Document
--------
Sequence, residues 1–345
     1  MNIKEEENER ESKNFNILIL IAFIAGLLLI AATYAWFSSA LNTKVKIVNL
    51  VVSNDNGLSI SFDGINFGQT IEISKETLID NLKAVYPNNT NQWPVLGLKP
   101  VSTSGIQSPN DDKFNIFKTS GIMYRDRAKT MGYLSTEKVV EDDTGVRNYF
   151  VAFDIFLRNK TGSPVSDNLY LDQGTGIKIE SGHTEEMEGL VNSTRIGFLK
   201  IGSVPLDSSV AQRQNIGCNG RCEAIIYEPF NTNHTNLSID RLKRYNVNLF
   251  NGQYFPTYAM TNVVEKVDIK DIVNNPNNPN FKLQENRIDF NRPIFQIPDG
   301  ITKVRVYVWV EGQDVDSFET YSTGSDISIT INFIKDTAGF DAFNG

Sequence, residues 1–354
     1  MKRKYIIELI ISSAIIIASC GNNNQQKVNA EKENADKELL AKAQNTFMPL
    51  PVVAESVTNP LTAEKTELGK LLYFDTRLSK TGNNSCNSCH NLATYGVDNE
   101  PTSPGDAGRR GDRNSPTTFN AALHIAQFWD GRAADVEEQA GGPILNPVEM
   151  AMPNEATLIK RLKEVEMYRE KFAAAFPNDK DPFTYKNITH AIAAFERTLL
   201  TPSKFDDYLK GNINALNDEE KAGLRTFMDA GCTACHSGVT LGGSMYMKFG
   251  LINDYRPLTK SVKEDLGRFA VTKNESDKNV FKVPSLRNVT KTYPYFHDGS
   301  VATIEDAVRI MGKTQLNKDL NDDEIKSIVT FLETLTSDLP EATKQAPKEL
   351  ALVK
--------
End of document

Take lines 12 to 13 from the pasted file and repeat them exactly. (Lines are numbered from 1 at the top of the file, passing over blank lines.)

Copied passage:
   101  PTSPGDAGRR GDRNSPTTFN AALHIAQFWD GRAADVEEQA GGPILNPVEM
   151  AMPNEATLIK RLKEVEMYRE KFAAAFPNDK DPFTYKNITH AIAAFERTLL